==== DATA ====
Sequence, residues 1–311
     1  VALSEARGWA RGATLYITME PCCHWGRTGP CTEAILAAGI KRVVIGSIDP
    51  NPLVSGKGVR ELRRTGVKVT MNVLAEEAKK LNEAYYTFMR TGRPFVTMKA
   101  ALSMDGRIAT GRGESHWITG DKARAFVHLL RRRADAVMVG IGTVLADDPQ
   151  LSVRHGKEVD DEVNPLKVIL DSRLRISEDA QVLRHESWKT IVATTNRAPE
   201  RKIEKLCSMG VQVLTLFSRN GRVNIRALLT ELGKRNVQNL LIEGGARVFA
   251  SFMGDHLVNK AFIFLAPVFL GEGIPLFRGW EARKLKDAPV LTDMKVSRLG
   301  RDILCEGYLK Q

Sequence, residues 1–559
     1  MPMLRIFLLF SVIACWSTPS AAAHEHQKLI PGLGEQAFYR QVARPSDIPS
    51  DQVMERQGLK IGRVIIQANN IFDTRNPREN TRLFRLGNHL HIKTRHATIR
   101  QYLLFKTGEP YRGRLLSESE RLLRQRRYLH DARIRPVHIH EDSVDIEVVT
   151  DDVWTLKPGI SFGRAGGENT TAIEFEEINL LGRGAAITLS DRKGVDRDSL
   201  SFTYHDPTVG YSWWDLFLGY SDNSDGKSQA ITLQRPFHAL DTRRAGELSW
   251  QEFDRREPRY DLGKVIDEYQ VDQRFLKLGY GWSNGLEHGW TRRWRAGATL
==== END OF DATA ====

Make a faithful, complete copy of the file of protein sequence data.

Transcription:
Sequence, residues 1–311
     1  VALSEARGWA RGATLYITME PCCHWGRTGP CTEAILAAGI KRVVIGSIDP
    51  NPLVSGKGVR ELRRTGVKVT MNVLAEEAKK LNEAYYTFMR TGRPFVTMKA
   101  ALSMDGRIAT GRGESHWITG DKARAFVHLL RRRADAVMVG IGTVLADDPQ
   151  LSVRHGKEVD DEVNPLKVIL DSRLRISEDA QVLRHESWKT IVATTNRAPE
   201  RKIEKLCSMG VQVLTLFSRN GRVNIRALLT ELGKRNVQNL LIEGGARVFA
   251  SFMGDHLVNK AFIFLAPVFL GEGIPLFRGW EARKLKDAPV LTDMKVSRLG
   301  RDILCEGYLK Q

Sequence, residues 1–559
     1  MPMLRIFLLF SVIACWSTPS AAAHEHQKLI PGLGEQAFYR QVARPSDIPS
    51  DQVMERQGLK IGRVIIQANN IFDTRNPREN TRLFRLGNHL HIKTRHATIR
   101  QYLLFKTGEP YRGRLLSESE RLLRQRRYLH DARIRPVHIH EDSVDIEVVT
   151  DDVWTLKPGI SFGRAGGENT TAIEFEEINL LGRGAAITLS DRKGVDRDSL
   201  SFTYHDPTVG YSWWDLFLGY SDNSDGKSQA ITLQRPFHAL DTRRAGELSW
   251  QEFDRREPRY DLGKVIDEYQ VDQRFLKLGY GWSNGLEHGW TRRWRAGATL